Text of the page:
previous next
[59] that town), petulantly complained to Washington. It was set right in nine days; but Halleck was afraid to let Grant know the hand he had in it. Grant never vouchsafed a syllable to the world's injurious assaults upon him at this hour or at any other of his life. But in a letter to Washburne he gives us a glimpse into his silent soul. “There are some things which I wish to say to you in my own vindication, not that I care a straw for what is said individually, but because you have taken so much interest in my welfare.” And one evening during the nine days humiliation, a sword was presented to him by some officers. After their speech and departure, he stood looking at the gift in silence where it lay before him on the table of the gunboat cabin. Suddenly pushing it from him, he exclaimed, “I shall never wear a sword again!” and turned away. Only one or two witnessed this breaking of the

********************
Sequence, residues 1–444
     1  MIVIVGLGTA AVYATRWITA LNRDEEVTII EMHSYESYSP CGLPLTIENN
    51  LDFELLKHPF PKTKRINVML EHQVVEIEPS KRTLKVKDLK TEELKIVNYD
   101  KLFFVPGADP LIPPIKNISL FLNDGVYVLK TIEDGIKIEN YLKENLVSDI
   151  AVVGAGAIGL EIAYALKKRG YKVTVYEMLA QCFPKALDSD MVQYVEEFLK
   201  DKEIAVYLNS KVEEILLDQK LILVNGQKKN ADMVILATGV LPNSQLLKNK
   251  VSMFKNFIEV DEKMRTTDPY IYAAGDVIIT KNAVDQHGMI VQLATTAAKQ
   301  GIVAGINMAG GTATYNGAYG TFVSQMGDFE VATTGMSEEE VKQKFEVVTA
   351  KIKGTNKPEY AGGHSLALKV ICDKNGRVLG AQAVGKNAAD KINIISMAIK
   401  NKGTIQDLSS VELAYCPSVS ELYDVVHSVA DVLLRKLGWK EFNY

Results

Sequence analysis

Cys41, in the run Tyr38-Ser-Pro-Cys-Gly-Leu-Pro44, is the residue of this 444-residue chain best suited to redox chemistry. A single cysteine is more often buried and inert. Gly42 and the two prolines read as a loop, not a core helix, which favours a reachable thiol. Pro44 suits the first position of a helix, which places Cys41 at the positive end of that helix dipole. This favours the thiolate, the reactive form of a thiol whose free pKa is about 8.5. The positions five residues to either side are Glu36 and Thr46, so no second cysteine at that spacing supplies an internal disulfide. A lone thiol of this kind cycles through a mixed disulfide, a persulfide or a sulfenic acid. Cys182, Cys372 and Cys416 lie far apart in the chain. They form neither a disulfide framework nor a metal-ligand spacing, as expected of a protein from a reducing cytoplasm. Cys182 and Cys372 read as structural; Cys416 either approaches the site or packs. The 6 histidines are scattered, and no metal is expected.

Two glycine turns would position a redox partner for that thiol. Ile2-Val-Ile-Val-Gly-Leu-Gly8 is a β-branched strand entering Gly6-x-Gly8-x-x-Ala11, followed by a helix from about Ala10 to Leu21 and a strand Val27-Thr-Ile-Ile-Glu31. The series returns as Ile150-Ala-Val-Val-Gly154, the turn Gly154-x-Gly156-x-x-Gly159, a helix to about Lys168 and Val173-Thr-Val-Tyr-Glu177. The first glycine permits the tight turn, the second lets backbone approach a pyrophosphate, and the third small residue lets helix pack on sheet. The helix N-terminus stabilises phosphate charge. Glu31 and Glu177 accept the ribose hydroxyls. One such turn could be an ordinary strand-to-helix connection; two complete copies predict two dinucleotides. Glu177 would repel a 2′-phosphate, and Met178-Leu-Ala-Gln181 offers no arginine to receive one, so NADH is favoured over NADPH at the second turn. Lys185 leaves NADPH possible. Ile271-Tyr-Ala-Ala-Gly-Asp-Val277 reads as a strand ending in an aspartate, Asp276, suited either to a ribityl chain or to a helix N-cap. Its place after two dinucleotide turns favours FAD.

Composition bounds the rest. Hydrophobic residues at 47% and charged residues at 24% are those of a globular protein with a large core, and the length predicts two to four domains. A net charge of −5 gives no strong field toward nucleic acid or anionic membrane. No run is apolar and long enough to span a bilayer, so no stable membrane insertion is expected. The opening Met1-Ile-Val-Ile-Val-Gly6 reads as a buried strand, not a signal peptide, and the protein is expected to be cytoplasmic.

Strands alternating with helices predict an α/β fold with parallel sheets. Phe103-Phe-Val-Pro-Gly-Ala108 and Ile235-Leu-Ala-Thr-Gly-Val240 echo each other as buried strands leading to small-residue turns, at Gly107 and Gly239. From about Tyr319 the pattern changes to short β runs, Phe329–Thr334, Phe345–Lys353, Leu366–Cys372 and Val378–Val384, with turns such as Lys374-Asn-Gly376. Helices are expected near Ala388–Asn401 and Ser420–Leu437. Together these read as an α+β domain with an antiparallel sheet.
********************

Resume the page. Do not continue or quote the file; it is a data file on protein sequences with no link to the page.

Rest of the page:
Creative Commons License
This work is licensed under a Creative Commons Attribution-ShareAlike 3.0 United States License.

An XML version of this text is available for download, with the additional restriction that you offer Perseus any modifications you make. Perseus provides credit for all accepted changes, storing new additions in a versioning system.

hide Places (automatically extracted)

View a map of the most frequently mentioned places in this document.

Visualize the most frequently mentioned Pleiades ancient places in this text.

Download Pleiades ancient places geospacial dataset for this text.

hide People (automatically extracted)
Sort people alphabetically, as they appear on the page, by frequency
Click on a person to search for him/her in this document.
Ulysses S. Grant (2)
Washington (1)
Washburne (1)
Halleck (1)
hide Display Preferences
Greek Display:
Arabic Display:
View by Default:
Browse Bar: